Jacob Lebovitch Dahl

Jacob Lebovitch Dahl
University of Oxford | OX · Faculty of Oriental Studies

Professor

About

18
Publications
2,487
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155
Citations

Publications

Publications (18)
Chapter
This chapter presents the work of the 12-month project Seals and Their Impressions in the Ancient Near East (SIANE), a collaborative effort of the University of Southampton, Oxford University and the University of Paris (Nanterre). Recognising the need for improved visual documentation of ancient Near Eastern cylinder seals and the potential presen...
Article
Following a brief outline of the invention and early spread of writing in the Ancient Near East and a description of the proto-Elamite writing system, this article discusses the use of non-writing marks on proto-Elamite tablets. Particular attention is paid to a set of designs found on a few dozen tablets that have a close functional relationship t...
Conference Paper
Full-text available
This paper discusses the interim results of the AHRC RTISAD project. The project has developed and tested a range of techniques for gathering and processing reflectance transformation imaging (RTI) data. It has also assembled a detailed understanding of the breadth of RTI practice. Over the past decade the range of applications and algorithms in th...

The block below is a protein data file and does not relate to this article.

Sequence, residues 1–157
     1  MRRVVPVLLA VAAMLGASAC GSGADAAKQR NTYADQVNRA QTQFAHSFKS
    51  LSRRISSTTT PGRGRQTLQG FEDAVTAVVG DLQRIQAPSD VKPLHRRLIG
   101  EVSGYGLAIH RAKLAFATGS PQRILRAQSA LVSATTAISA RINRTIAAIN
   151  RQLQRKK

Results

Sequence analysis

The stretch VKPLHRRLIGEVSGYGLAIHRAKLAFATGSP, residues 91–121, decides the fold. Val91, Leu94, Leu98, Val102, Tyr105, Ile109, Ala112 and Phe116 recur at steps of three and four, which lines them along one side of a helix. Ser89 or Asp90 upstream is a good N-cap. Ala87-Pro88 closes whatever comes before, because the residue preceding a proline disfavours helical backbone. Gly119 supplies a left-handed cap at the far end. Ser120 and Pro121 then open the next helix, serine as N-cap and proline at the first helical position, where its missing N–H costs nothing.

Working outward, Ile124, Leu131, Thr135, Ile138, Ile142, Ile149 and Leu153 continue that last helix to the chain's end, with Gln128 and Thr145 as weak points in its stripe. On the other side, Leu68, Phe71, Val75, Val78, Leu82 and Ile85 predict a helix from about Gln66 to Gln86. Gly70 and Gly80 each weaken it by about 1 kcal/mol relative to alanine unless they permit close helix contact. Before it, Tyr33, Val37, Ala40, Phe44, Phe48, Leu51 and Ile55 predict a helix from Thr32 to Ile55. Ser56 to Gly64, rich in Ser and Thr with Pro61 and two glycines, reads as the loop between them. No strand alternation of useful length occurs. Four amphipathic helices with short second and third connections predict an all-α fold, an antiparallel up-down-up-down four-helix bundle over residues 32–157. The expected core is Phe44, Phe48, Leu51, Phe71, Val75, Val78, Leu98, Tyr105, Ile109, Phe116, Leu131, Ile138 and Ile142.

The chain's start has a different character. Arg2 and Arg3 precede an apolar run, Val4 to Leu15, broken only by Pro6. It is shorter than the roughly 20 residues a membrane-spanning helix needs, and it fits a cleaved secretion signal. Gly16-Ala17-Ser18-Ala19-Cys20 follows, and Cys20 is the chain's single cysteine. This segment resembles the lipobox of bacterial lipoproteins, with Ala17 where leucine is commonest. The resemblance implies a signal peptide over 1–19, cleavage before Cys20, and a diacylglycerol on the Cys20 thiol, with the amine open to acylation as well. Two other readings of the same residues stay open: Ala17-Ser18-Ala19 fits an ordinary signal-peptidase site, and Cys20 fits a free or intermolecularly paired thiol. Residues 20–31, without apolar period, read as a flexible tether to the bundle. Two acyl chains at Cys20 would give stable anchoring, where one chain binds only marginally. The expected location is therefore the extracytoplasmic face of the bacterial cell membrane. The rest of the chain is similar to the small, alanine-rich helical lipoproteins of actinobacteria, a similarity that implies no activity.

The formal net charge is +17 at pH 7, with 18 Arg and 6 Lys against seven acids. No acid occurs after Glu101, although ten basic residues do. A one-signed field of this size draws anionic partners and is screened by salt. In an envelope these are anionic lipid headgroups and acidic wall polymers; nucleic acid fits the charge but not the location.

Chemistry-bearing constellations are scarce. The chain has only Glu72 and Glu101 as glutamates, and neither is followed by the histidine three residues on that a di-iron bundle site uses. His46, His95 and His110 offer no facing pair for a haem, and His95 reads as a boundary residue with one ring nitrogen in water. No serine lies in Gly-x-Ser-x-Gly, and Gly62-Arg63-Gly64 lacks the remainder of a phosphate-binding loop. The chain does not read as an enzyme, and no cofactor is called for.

Chapter
Full-text available
This paper discusses the interim results of the AHRC RTISAD project. The project has developed and tested a range of techniques for gathering and processing reflectance transformation imaging (RTI) data. It has also assembled a detailed understanding of the breadth of RTI practice. Over the past decade the range of applications and algorithms in th...
Article
The initial import of preliterate accounting tools into Iran from southern Iraq during the period of Uruk expansion in the middle of the fourth millennium BC, led to the invention in Iran of a short-lived, and indigenous writing system conventionally called proto-Elamite. A second, seemingly unique writing system, traditionally called linear Elamit...
Article
The initial import of preliterate accounting tools into Iran from southern Iraq during the period of Uruk expansion in the middle of the fourth millennium BC, led to the invention in Iran of a short-lived, and indigenous writing system conventionally called proto-Elamite. A second, seemingly unique writing system, traditionally called linear Elamit...